Collaborating in a time of crisis: Three early takeaways from the COVID-19 response in India

IFAD Asset Request Portlet

Asset Publisher

Collaborating in a time of crisis: Three early takeaways from the COVID-19 response in India

Estimated reading time: 3 minutes

Women in Maharashtra using the micro-ATM system

India is home to 1.3 billion people. It is one of the world’s fastest-growing economies, and also one of its youngest. Over the past 25 years, India has made impressive progress in lifting hundreds of millions out of poverty. Between 1990 and 2018, its Human Development Index value has improved by 50 per cent, indicating substantial strides in making education, health and opportunity accessible to all Indians. Yet, as in other parts of the world, these tremendous gains could now be reversed because of the unprecedented emergency facing all of us – the COVID-19 pandemic.

Recognizing the urgent need to prevent a health catastrophe, the Government of India acted swiftly to impose a lockdown on 24 March. Crucially, the government has acted equally fast to minimize disruption to rural economies and ensure that the health crisis does not balloon into a food crisis. Among other measures, the Ministry of Home Affairs has set up 11 Empowered Groups (EGs) to coordinate COVID-19 response activities across the country. These EGs engage with various stakeholders, including the UN agencies in India, for regular feedback about the situation on the ground.

Even though the response to the crisis is still unfolding, this collaborative effort has already seen some early successes. Here are three key takeaways:

  1. Model the collaboration between the Rome-based food agencies.

Even as the Government of India was gearing up for action, the UN system was organizing itself to engage with the government through the EGs. Under the current collaborative structure, the UN Food and Agriculture Group – made up of the Rome-based agencies WFP, FAO and IFAD, with support from UNICEF – shares information with EG5, which is in charge of supply chain logistics for all essential commodities, including food and agriculture-related items. These updates include real-time information about agri-logistics issues on the ground, including any “red flags” from the field requiring urgent intervention, as well as information about good practices that could be quickly replicated. The Rome-based agencies source this information from the field on a daily basis. Every morning, EG5 reviews this feedback and takes all necessary action.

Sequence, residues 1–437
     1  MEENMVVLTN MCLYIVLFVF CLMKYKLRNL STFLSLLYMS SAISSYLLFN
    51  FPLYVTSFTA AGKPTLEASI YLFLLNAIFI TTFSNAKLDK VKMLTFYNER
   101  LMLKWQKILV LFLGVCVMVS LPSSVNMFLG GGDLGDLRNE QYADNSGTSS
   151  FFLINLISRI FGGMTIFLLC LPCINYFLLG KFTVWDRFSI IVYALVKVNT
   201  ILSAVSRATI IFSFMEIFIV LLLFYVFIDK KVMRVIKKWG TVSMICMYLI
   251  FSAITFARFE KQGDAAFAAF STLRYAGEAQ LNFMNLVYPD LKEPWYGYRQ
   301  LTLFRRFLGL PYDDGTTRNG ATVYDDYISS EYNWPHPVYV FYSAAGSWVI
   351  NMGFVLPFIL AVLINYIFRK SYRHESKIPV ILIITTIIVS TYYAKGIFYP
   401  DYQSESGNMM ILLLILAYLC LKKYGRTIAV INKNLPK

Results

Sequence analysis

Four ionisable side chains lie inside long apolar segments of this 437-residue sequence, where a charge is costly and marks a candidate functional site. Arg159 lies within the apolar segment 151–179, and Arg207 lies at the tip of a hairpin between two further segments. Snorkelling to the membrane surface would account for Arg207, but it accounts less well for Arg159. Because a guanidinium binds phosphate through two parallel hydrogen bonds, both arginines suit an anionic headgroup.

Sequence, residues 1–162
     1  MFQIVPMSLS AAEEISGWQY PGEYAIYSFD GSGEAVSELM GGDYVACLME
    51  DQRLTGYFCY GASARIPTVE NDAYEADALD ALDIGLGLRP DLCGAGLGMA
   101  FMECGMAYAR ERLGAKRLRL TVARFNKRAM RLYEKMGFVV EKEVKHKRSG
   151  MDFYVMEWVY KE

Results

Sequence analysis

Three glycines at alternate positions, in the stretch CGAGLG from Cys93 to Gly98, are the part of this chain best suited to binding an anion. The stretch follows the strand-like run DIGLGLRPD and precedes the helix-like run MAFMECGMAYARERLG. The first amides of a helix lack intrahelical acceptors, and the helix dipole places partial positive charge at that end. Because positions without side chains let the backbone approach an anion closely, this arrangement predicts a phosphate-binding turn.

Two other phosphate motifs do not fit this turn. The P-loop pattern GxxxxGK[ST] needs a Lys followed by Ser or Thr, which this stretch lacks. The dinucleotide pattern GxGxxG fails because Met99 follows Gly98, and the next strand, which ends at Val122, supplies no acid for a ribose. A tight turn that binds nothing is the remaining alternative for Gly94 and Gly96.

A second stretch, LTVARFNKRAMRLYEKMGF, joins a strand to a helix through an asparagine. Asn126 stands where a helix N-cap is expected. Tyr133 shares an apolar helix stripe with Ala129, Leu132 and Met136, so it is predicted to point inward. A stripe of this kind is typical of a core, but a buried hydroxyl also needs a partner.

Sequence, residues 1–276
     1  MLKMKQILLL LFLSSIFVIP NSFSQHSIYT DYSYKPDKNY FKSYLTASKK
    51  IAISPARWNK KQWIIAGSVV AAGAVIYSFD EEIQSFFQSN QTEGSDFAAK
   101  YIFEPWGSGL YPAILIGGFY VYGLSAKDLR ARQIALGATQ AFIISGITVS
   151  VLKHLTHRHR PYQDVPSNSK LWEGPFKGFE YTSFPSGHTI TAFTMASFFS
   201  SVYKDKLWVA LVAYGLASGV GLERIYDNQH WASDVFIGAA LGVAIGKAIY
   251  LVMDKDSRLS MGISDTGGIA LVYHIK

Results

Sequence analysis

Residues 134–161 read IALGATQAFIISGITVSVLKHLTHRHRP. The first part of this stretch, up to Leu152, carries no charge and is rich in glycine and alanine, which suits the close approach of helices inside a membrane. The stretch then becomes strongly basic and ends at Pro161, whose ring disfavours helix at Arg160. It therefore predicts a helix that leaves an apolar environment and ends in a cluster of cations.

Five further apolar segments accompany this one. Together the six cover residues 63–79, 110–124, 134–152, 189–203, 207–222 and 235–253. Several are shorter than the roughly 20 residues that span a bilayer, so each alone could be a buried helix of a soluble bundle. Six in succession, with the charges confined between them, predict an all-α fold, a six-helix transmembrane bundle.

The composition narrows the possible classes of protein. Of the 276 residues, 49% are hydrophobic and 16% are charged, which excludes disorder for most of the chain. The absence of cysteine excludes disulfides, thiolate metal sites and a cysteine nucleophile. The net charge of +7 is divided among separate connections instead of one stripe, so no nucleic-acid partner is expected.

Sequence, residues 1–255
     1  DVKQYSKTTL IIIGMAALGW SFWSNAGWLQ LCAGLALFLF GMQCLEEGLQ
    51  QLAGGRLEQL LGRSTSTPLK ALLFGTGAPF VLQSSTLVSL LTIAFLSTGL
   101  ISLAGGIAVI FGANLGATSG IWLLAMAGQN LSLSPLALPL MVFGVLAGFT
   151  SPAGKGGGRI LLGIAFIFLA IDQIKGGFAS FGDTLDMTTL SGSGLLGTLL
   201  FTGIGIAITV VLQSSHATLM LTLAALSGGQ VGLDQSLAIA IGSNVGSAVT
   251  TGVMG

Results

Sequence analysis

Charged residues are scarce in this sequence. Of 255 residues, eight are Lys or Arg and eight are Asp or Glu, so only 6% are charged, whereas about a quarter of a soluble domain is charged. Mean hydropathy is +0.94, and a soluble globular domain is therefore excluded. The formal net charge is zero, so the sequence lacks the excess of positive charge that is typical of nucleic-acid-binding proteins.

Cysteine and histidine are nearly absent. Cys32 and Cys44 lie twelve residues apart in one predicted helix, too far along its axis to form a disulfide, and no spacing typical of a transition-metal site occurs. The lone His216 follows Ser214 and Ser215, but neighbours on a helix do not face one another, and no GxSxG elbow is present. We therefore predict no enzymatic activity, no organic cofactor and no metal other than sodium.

The government has persistently responded to issues that have restricted farmers from buying inputs and selling produce – issuing and revising guidelines and amendments to ease inter-state borders, smooth out logistics and ensure that agriculture and food chains continue operating seamlessly.

IFAD-assisted Integrated Livelihood Support Project facilitating farmers’ access to Government mechanization schemes

  1. Communications technologies can help bring grassroots concerns to policymakers.

IFAD India is engaging with its partner networks to ensure that farmers’ everyday concerns are raised on a regular basis and that partners are fully involved in the process. In the absence of physical coordination mechanisms, the India country team has embraced WhatsApp and email groups as ways to stay connected. Every day, key partners share their day-to day-concerns – along with examples of inspirational resilience in the form of short reports, news clips, pictures and videos. And every day, these are shared with key government figures, directly translating to changes in the field that have enabled farmers to better access inputs, markets and machinery.

In Rajasthan, for example, two collection centres where farmers could deliver their produce in a COVID-19–compliant manner were beginning to experience bottlenecks. Thanks to this information network, the state nodal officer appointed to support EG5 was able to intervene in record time. These collection centres have worked so well that EG5 is now exploring the possibility of replicating them elsewhere in the country.

  1. Information sharing has spin-off benefits.

These WhatsApp exchanges are also leading to cross-learning between other IFAD-supported projects in India.

Projects in Jharkhand and Odisha, for example, are now keenly interested in Maharashtra’s model of micro-ATMs that enable members of women’s self-help groups to deposit or withdraw cash in areas where bank penetration is low. This model is particularly appealing in a lockdown situation. Similarly, seed distribution practices in the remote areas of Mizoram and Uttarakhand are inspiring others with ideas for ensuring timely input supply while maintaining compliance with public health strictures. Meanwhile, IFAD’s network of technical experts are swinging into action to find solutions to challenges faced by artisanal fishers in Tamil Nadu and floriculture farmers in Uttarakhand, who are disproportionately impacted by the lockdown.

Ultimately, although the lockdown has presented many challenges, it has also created opportunities for IFAD to harness its strength as a specialized UN agency and activate its strong networks of partners to contribute to solutions at both the local and policy level.

Learn more about IFAD’s work in India.

Read more about IFAD’s response to COVID-19.